- Catch up on any back reading that was not completed before the break. Also, it is a good time to read for the first two days after break so that you do not feel behind when you start classes up again.
- Eat healthy foods. You are in training for exams now. The better your nutrition during the break, the better your body and brain will serve you. Keep up the healthy eating once you get back from break so that you will be at the top of your productivity and brain power during the remainder of the semester.
- Keep on track. By planning your studying, you can be more productive. By starting with the hardest task first, you can make your day more pleasant. By breaking tasks into small steps, you can cross them off more quickly for a sense of accomplishment. By focusing on your priorities, you can accomplish more of your study tasks.
- Stop by the Academic Success Office to check out study aids. A variety of study aids are available for Civil Procedure, Property, Con Law, Criminal Law, Business Organizations, Torts, Contracts, Tax, Trial Practice, Evidence, Decedents, Domestic Relations, Copyright Law, Intellectual Property, Criminal Procedure, Negotiable Instruments, Secured Transactions, and Real Estate Transactions.
- Take the 1L Spring Break Challenge on March 22! The Challenge will consist of many objective-type (non-essay) questions covering one subject – Contracts II. Your goal is to correctly answer as many questions as you can, in any order, in 30 minutes. All you need is a pen. There will be separate Challenges for Section 1 and Section 2 contracts classes. Great prizes will be awarded to the first- through third-place finishers, including an iPod Touch 8G.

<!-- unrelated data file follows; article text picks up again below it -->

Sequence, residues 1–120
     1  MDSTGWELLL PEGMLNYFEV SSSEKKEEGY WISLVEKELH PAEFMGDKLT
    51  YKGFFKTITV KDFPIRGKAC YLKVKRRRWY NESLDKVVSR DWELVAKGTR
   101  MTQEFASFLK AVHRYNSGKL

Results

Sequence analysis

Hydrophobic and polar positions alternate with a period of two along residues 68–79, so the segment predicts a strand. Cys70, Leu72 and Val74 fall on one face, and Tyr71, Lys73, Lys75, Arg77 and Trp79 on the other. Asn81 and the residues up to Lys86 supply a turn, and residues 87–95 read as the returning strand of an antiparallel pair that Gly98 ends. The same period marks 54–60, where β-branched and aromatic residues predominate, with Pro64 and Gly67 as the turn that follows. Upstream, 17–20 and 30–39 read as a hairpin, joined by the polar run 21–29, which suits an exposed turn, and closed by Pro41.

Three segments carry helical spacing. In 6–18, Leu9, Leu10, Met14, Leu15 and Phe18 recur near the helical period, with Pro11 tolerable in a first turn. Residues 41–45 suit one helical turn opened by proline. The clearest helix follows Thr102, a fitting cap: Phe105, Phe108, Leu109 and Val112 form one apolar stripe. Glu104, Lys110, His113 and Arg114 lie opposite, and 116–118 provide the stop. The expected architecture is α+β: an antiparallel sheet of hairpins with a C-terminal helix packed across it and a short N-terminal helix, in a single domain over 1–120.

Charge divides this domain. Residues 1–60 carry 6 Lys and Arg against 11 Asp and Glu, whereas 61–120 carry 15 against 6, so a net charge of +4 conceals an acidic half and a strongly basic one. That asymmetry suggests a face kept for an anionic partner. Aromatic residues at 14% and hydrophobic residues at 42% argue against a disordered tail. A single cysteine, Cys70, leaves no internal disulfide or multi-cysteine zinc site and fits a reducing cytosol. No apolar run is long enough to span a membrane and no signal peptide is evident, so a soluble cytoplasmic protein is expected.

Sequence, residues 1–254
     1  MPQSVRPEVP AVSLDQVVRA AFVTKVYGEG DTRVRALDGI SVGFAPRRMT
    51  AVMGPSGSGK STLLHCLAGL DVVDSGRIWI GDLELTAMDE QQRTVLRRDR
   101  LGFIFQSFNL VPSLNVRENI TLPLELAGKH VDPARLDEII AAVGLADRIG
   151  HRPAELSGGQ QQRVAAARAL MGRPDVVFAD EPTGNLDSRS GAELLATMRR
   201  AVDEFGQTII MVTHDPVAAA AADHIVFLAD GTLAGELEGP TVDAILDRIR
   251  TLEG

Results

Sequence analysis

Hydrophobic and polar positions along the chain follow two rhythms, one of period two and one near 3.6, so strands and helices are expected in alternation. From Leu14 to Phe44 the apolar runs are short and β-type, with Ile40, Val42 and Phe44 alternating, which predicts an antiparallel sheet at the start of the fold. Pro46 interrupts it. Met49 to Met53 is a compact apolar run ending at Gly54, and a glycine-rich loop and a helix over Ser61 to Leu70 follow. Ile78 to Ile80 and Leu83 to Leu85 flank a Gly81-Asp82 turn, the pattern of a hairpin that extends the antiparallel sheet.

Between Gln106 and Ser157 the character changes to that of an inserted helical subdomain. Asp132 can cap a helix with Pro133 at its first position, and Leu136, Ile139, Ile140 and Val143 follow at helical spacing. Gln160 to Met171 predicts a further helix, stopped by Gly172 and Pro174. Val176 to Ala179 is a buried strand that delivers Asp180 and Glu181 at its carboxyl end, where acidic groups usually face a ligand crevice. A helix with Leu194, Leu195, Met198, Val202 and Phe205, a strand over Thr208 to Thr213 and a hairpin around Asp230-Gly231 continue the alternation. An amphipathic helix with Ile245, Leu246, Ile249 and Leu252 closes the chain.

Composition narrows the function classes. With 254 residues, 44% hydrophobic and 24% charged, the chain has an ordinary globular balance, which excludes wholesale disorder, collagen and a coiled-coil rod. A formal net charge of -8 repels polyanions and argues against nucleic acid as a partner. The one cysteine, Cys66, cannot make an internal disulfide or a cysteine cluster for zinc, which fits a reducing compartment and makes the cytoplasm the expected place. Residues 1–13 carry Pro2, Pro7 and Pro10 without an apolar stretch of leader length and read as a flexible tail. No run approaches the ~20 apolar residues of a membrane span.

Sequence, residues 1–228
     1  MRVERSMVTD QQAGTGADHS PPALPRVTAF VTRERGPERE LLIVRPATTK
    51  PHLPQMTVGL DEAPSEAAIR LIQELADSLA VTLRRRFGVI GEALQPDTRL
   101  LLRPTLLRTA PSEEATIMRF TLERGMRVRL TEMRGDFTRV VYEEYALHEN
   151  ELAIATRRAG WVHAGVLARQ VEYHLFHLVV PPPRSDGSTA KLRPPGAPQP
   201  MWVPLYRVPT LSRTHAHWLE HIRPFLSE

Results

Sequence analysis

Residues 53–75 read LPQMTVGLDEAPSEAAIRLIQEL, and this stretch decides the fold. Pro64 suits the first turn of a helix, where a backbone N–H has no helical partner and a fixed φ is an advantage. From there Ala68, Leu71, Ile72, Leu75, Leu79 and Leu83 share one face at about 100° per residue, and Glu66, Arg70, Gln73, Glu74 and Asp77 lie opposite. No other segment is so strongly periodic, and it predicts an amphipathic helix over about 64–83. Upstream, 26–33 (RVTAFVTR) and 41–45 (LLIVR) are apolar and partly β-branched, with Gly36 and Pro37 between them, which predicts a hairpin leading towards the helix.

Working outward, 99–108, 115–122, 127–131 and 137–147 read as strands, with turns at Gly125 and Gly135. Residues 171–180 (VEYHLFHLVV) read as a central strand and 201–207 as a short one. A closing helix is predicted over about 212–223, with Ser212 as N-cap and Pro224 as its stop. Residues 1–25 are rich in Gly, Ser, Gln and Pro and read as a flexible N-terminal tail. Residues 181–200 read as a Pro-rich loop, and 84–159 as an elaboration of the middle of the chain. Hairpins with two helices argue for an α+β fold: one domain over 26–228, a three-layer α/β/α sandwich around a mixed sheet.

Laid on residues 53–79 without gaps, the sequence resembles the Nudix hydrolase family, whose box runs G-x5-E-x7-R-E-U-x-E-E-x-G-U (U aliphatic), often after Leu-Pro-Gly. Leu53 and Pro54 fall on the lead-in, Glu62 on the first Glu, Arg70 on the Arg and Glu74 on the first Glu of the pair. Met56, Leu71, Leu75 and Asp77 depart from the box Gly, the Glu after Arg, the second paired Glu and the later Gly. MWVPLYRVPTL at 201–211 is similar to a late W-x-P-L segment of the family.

Registration, advising and other dates – mark your calendars now. More information coming soon:
March 21: Students with particular scheduling needs will receive advising letters before or during the week of March 21.
March 24: Information Session on Clinic and Externships, 12:10, Room 075.
March 28: Advising appointments available for upper-division students. Times, locations, and sign-up sheets available by March 23 or before.
March 29: Advising appointments available for upper-division students. Times, locations, and sign-up sheets available by March 23 or before.
March 30: Advising appointments available for upper-division students. Times, locations, and sign-up sheets available by March 23 or before.
March 31: Mandatory 1L Advising session, Room 275, at noon. All current first year students must attend. This program will give the current first year students, full- and part-time, all necessary registration information.
April 6: All registration paperwork is due in the Office of Student Records. This includes, but is not limited to, externship and clinic applications, along with Supreme Court Student Practice applications, if required.
April 8: Current part-time evening students and current third year students (those who will graduate summer or fall 2011) will register for summer and fall 2011 classes.
April 11: Current second year students (those who will be third year students in fall 2011), both full- and part-time, will register for summer and fall 2011 classes.
April 13: First year students (those who will be second year students in fall 2011) will register for summer and fall 2011 classes.